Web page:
The title immediately made me doubtful, turning to the back-cover only deepened my sense of unease. Here is the start of the back-cover blurb:
Describing how assembly language can be used to develop highly effective C++ applications, this guide covers the development of 32-bit applications for Windows. Areas of focus include optimising high-level logical structures, creating effective mathematical algorithms, and working with strings and arrays...
My first problem is that optimisation is always something that should not be taken lightly, indeed we should avoid it unless testing shows that it is necessary. All forms of hand optimisation tend to make code more fragile and harder to maintain, going down to assembly level is an even further step in the direction of maintenance problems.
Attempting to use assembly code as a way to optimise high-level anything seems to be entirely wrong to me. From where I am sitting, assembly code belongs in the lowest layers if at all.
Writing mathematical functions is an extraordinarily skilled task, and one that I am more than willing to consign to talented library implementers. I have some sympathy with regards to working with strings were that to mean using std::string, but it does not, it refers to using nul-terminated arrays of char.
So let me turn to the content. The first thing that quickly becomes apparent is that for the most part the author is not actually writing C++ nor even Visual C++, he is writing C with a small spicing of C++ and a large dose of Microsoft extensions. What puzzles me is why he is using _asm instead of the C++ asm keyword where he is putting assembly code into C++ source code. Maybe that is a VC++ issue.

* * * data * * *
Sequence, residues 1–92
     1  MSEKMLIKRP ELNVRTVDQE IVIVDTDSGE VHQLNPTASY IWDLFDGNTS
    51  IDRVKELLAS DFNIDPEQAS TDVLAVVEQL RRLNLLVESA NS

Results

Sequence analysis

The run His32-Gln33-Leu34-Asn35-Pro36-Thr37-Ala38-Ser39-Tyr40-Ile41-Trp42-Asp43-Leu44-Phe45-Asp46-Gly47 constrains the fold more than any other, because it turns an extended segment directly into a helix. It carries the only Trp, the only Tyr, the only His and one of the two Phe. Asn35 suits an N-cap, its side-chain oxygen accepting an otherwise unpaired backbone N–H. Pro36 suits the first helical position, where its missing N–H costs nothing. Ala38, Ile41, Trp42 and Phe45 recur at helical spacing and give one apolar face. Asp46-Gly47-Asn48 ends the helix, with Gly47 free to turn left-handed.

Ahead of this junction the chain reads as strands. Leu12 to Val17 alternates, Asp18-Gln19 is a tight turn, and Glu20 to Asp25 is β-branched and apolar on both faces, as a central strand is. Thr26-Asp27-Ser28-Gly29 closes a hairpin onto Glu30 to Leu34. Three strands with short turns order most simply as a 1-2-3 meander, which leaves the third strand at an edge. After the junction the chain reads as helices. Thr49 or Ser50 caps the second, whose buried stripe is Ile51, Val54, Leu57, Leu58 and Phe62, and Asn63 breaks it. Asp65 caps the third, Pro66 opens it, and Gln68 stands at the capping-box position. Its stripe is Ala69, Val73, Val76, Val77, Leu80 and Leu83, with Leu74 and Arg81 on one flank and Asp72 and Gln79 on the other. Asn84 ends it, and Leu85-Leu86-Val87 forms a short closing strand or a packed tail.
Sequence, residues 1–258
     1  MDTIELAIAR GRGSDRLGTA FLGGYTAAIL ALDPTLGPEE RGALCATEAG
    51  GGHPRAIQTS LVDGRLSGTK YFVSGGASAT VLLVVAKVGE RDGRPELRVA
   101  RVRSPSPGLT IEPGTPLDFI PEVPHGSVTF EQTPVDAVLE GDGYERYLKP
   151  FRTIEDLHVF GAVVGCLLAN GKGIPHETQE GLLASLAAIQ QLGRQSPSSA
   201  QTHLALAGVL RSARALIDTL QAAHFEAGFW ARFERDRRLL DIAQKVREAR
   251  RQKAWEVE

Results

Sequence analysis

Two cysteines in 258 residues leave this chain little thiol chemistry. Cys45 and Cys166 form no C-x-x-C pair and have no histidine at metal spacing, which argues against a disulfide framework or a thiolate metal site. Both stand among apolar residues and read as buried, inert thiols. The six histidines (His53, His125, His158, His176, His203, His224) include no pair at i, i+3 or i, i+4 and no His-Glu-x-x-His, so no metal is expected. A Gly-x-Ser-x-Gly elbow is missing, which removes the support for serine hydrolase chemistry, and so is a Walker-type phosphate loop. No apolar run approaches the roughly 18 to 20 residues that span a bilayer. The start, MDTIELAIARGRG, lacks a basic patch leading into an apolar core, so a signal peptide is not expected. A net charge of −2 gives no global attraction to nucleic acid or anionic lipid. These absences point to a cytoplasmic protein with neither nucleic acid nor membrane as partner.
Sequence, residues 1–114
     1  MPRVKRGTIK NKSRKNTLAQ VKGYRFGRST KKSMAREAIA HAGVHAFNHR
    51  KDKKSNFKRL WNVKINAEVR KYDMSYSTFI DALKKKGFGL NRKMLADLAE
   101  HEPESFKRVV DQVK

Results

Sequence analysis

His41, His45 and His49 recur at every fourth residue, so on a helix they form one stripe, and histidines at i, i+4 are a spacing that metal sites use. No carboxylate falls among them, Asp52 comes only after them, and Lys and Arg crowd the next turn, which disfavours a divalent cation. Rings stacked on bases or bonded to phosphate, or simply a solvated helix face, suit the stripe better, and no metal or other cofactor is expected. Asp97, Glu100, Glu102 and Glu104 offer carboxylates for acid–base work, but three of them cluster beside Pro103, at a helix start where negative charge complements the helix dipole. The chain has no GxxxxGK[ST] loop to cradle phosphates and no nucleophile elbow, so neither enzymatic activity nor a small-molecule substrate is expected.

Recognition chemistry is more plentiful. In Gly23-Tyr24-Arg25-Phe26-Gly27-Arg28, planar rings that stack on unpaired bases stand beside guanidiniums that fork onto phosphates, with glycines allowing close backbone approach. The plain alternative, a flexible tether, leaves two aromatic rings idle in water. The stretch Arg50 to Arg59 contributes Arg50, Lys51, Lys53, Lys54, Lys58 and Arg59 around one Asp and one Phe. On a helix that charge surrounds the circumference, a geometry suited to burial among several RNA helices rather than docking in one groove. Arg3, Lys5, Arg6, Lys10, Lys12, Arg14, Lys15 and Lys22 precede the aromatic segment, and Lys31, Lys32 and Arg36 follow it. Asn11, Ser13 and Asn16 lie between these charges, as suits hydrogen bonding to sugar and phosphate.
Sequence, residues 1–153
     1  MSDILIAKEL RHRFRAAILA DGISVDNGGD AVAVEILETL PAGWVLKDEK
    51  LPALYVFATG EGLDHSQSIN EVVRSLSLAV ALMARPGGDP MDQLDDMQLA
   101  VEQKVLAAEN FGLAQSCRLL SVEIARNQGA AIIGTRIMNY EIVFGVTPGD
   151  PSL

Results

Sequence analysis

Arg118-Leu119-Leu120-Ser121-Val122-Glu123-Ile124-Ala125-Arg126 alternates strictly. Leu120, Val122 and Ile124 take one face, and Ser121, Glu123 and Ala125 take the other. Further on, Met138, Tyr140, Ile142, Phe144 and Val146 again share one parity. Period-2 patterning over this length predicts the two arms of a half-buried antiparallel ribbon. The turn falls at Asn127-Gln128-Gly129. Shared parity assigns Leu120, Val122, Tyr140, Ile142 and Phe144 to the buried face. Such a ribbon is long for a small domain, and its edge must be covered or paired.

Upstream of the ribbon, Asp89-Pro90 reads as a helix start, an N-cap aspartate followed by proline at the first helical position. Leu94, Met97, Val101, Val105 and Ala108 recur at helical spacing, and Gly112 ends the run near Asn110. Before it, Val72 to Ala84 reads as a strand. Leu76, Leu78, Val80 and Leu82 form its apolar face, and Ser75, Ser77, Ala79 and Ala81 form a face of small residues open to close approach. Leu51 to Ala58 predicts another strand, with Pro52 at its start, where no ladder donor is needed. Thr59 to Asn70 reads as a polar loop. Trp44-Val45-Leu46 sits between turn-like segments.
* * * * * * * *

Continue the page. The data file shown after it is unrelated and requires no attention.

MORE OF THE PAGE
The assembly code parts of the book seem to be fine (but remember that for the last ten years my attitude to knowing assembler code for a machine is that its main value is in identifying bugs in the compiler. The author covers both free standing assembly code in their own modules that will be linked in at link time, together with assembly code embedded in C++.
The author's optimistic estimate of the potential improvement by using assembly code is around 17%. That should be balanced with the way that assembly code will kill some of the optimisations available to Microsoft's most recent link technology. I also think it is being more than a tad optimistic and based on measurement of limited parts of an application rather than on overall performance.
However let me accept the author's estimate, and then pose the question as to how many months would go by before the current hardware was providing more than a 17% performance improvement. There are very few applications where maximal performance is an absolute requirement. In most cases once a certain level of performance has been achieved further improvements are of little added value.
I think that a much shorter book showing the reader how to add assembly code to already well written C++ would be much more to the point. Even such a book would have (or should have) a very limited sale.
If you absolutely need to write assembly code for your C++ application and are already a good C++ programmer you can probably distil what you need to know from reading this book. However most C++ programmers would do better to spend the equivalent time improving the quality of their C++.
I guess the amateur games programmers might find something useful in this book. The professional ones have to worry about issues of portability which makes use of inline assembly code problematic.